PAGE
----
Omega released the Speedmaster in 1957, in the midst of a craze for racing chronographs. The first reference of Speedmaster, the CK 2915, contained the Lemania Caliber .321 movement, developed by famed movement-maker Albert Piguet in 1946. The CK 2915 ran for two short years before by the Reference CK 2998, which is a historically-significant Reference in Omega's history.
On October 3, 1962, Walter M. Schirra orbited the Earth in a Mercury rocket with the call-sign Sigma 7. The mission that Schirra piloted, Mercury Atlas-8, was the fifth manned space mission in the Mercury program. Schirra orbited the Earth a record six times, making his the longest manned spaceflight ever achieved at that stage in the Space Race.
And the watch on his wrist: the Reference CK 2998, which Schirra purchased for his own personal use in the flight. The Reference CK 2998 ran until 1963, and underwent eight sub-references in its four year run. It was ultimately discontinued and replaced in the Omega catalogs with its successor, newly-named ST 105.002 in keeping with the Mopics coding system Omega implemented in 1962.
Early Speedmasters, particularly those dating from the early days of the Space Race, are especially desirable. However, their relative scarcity--due to the brevity of their production runs--make them difficult to find on the vintage chronograph market, and the prices are often astronomical. Fortunately for collectors who dream of strapping a CK2998 to their wrists, but don't have the resources to obtain a vintage version, there's the First Omega in Space.
In 2012, to commemorate the watch worn during Schirra's historic spaceflight, Omega released the "First Omega in Space." It captures the look and feel of the CK2998, with a case size smaller than the most recent reference of Speedmasters at 39.5mm, and without the crown guards of today's Speedies. Like the CK2998, the logo on the dial of the First Omega in Space is applied, and the hour and minute hands are the "alpha" hands that were present in the Speedy until the Reference 105.003 debuted in 1964; likewise, the dial lacks the inscription "Professional," since the CK2998 predates the Speedy's flight qualification by NASA in 1965.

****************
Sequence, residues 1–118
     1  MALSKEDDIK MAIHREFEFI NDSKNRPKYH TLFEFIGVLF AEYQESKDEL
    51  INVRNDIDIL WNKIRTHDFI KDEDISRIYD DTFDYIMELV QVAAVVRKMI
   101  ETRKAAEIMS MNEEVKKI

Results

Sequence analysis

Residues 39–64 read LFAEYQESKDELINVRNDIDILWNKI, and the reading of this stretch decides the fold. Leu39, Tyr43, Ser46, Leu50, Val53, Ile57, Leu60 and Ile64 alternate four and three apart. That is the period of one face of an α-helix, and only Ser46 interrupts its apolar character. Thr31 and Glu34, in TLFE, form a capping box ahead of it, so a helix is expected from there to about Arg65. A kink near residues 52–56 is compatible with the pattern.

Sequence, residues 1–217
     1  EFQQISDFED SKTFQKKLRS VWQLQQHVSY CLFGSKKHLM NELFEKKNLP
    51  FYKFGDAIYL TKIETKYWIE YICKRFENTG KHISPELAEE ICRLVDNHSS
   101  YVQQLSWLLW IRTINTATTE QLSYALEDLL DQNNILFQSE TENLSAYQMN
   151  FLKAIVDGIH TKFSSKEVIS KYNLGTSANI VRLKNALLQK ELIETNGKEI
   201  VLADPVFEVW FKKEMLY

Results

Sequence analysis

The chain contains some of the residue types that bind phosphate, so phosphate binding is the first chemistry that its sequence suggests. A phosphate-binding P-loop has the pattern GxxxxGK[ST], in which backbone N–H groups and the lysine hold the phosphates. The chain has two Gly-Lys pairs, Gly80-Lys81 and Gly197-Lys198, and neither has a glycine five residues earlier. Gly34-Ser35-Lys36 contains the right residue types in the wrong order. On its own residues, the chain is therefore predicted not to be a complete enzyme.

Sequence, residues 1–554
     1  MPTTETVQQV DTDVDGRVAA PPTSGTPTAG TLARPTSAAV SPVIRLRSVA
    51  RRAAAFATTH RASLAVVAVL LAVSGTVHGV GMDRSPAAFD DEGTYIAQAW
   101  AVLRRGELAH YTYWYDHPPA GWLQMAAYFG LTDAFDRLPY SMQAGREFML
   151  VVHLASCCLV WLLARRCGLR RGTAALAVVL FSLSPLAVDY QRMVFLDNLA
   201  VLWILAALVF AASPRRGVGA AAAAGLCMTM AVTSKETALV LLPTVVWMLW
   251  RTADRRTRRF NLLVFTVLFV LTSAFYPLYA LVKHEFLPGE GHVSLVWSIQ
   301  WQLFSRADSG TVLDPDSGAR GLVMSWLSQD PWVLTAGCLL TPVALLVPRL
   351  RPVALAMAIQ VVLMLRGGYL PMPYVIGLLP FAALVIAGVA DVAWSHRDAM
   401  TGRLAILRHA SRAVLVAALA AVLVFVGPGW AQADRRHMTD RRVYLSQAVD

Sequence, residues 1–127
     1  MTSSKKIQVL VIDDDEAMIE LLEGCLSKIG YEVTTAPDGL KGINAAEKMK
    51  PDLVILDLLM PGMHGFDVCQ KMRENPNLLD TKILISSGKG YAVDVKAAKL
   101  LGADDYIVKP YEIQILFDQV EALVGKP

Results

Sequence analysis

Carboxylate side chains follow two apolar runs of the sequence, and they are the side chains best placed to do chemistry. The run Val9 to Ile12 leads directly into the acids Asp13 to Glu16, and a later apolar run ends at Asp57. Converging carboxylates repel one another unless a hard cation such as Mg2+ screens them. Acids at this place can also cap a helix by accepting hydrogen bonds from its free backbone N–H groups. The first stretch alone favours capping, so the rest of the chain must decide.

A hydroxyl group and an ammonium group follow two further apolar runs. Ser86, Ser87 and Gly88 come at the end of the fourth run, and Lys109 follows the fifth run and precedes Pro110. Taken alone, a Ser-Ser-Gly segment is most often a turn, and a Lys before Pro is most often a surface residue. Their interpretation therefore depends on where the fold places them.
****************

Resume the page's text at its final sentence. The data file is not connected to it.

The only departures from the original are the crystal, the case back, the bezel, and the movement. The crystal of the First Omega in Space is sapphire instead of the standard hesalite, and the case back is adorned by a medallion embossed with the hippocampus seen on Speedmasters until the post-Moon Reference 145.022 was released in 1971. While purists questioned the choice of the Calibre 1861 movement instead of the legendary Caliber .321 used in Schirra's actual Speedmaster, the Caliber 1861 was also flight-qualified by NASA, and is just as venerated in collectors' circles for that fact.
The First Omega in Space is a worthy successor to its progenitor, the Reference CK2998, and is a great addition to Omega's limited editions of Speedmaster. This one comes with a full set of box and papers and a case number of 3549. As true to the original as can be without being an exact replica, the First Omega in Space deserves a place in the possession of even the most discerning vintage collectors.
Omega Speedmaster Professional First Omega In Space - Limited Edition